I also felt that the film missed out on a chance to really explore the concept of Cabana and Pearce in a "Let's put on a show and take it on the road" sort of way, following their creation of something and how it was pitched to promoters, which is vastly different from how 99% of the wrestling world works on the independent level.  They could have used some of the media types that pop up for that, but, there's only so much time and clocking in at over 2 hours, adding that could have been a lot for even the most hardcore fan to process - even as solid as the film truly is - and a shorter film may have made for a tighter story, but it also would have required losing some of the promos and moments that made the feud the highlight of the CWH TV series.

Still, the voice of a film is often it's director and when that Director is also the focus, you are going to get their point of view and their vision of what right and wrong is.  Pearce comes off as a strong advocate for himself and the feud, as one who believes in himself should be.  Cabana is very good with his running commentary looking at what they were trying to build and the disgust he felt watching others knock down the block towers they so lovingly devised.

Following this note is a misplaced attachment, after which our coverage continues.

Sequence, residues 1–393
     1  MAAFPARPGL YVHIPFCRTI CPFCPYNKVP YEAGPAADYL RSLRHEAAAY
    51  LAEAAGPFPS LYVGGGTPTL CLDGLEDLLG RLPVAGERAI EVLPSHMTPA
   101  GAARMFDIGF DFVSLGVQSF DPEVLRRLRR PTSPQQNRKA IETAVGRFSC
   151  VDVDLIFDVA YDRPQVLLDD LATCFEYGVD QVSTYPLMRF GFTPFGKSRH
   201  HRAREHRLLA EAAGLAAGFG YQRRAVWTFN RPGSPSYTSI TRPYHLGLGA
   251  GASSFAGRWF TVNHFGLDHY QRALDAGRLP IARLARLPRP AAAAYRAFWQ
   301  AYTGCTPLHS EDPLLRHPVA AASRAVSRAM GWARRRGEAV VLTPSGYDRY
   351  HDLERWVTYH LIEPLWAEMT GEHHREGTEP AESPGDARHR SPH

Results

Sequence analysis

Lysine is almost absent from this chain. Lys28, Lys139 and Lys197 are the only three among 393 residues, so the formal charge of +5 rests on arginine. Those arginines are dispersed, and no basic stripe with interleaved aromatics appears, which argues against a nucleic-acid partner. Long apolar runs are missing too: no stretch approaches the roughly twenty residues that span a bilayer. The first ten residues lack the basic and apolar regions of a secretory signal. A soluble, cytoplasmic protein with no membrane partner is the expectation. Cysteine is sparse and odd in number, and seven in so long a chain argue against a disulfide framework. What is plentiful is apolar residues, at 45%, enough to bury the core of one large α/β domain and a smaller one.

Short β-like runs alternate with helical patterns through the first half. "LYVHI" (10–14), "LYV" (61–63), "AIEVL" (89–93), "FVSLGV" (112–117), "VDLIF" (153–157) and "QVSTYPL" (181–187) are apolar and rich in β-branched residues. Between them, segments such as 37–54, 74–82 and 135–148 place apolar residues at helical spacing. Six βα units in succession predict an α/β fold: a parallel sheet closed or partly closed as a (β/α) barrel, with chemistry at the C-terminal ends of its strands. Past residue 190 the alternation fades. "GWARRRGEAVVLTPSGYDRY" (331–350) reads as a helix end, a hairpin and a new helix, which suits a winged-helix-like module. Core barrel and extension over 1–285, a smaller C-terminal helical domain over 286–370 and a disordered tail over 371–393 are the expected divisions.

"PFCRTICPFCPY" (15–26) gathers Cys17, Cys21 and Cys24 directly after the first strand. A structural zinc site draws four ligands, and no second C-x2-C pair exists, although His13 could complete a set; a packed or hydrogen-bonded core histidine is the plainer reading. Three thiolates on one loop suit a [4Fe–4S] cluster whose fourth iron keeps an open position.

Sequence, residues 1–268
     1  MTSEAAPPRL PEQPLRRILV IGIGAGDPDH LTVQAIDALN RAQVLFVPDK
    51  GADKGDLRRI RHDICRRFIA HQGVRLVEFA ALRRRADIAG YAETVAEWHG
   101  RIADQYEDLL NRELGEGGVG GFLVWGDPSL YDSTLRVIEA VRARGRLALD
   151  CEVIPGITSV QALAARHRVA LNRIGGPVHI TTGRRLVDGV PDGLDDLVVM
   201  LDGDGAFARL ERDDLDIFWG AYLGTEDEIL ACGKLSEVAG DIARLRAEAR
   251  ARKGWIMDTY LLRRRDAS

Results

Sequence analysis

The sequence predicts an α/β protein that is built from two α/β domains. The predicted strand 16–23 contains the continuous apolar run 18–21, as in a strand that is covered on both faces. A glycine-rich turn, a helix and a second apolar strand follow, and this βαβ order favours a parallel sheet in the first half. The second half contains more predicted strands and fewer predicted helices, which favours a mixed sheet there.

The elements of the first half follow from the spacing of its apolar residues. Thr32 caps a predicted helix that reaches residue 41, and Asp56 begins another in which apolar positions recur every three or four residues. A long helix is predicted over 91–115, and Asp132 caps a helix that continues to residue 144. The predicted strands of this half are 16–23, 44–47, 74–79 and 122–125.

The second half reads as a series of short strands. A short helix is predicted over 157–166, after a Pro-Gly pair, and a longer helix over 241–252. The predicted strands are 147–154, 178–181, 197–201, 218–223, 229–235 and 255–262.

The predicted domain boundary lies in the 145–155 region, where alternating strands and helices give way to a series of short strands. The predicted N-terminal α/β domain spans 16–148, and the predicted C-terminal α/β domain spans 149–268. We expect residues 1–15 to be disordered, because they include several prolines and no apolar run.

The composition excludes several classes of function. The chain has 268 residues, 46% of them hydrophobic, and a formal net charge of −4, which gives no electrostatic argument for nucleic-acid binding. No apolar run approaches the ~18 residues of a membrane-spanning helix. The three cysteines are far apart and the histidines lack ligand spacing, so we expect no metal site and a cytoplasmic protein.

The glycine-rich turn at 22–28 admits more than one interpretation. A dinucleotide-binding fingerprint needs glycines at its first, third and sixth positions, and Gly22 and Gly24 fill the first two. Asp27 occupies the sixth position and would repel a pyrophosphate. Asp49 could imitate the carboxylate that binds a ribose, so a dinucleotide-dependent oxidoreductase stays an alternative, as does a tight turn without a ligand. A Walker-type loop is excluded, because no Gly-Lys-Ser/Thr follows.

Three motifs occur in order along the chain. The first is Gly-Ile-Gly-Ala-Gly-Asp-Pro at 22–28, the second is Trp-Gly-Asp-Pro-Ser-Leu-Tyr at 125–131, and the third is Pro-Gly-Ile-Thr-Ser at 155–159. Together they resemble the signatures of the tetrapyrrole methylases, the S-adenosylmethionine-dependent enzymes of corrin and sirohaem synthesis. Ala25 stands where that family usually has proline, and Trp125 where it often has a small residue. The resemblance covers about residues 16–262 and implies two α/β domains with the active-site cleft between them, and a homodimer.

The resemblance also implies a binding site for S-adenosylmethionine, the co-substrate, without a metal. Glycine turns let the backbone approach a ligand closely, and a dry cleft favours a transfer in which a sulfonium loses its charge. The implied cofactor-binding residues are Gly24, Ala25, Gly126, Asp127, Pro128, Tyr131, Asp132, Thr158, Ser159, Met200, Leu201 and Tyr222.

The 2 DVD set comes with all of the Cabana-Pearce matches, which are a great joy to watch unfold over time and lead to a truly emotional farewell for the duo as they exorcize their anger and resentment towards the NWA at the same time they kiss goodbye the very reason they started the undertaking they were on to begin with.  It's pro wrestling, but it's also a very real, emotional moment that's sitting under those Seven Levels of Hate.  It's an excellent journey to follow and for independent wrestling, it's the closest thing we'll ever see to a WWE style documentary on a subject.  For that alone as well as a surprisingly wonderful moment with the late Percy Pringle, the film is worth watching.

Recommended especially for fans of independent wrestling and obviously, fans of Cabana and Pearce, Seven Levels of Hate can be ordered at

SEVEN LEVELS OF HATE will have it's world premiere screening in New York City as part of the First Annual Rocks Off Pro Wrestling Film Festival. For more on the Festival, visit